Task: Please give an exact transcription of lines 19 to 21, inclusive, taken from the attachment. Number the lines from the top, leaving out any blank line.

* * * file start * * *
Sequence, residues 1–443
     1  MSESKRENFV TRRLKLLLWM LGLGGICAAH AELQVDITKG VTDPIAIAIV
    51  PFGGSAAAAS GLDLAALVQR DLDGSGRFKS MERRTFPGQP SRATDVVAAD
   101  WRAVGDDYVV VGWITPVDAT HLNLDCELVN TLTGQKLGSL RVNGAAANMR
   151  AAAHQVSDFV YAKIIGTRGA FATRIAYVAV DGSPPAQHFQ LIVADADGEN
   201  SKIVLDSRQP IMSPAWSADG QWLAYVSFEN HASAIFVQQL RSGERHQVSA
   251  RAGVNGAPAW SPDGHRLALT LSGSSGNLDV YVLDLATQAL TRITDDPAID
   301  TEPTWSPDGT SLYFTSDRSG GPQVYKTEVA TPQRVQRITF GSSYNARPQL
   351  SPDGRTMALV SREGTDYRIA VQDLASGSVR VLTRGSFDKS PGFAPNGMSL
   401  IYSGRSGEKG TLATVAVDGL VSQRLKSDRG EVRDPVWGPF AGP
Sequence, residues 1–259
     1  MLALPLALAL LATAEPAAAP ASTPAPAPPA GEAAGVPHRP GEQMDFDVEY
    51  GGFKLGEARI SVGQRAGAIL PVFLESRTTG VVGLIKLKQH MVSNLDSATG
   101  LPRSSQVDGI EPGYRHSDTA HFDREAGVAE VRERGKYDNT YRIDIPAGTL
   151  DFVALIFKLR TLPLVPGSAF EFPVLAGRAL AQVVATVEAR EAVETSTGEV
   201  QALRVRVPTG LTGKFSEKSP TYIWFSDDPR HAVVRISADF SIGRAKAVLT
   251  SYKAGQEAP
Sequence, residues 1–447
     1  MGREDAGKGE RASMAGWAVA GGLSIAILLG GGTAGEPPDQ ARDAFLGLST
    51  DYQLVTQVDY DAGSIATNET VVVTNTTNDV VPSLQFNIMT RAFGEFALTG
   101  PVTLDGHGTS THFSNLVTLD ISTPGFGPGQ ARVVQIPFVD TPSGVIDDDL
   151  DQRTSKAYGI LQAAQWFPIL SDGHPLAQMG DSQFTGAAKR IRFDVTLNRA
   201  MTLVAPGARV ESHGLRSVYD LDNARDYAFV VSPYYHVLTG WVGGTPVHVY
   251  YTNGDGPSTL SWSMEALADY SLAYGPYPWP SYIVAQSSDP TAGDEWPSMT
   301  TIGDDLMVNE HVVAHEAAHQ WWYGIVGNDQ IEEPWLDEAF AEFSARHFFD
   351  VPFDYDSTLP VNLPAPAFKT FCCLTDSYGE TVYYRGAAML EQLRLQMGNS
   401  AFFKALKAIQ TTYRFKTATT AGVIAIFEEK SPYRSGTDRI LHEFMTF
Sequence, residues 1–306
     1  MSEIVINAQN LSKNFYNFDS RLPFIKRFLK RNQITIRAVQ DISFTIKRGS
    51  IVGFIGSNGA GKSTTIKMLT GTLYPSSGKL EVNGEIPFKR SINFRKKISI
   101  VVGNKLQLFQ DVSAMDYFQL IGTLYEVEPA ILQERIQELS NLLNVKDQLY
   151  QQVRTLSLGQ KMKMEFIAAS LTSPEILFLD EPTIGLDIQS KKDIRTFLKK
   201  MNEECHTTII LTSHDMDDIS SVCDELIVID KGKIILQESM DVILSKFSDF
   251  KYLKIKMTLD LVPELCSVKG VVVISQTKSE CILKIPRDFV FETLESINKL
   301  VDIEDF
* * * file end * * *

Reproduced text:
     1  MGREDAGKGE RASMAGWAVA GGLSIAILLG GGTAGEPPDQ ARDAFLGLST
    51  DYQLVTQVDY DAGSIATNET VVVTNTTNDV VPSLQFNIMT RAFGEFALTG
   101  PVTLDGHGTS THFSNLVTLD ISTPGFGPGQ ARVVQIPFVD TPSGVIDDDL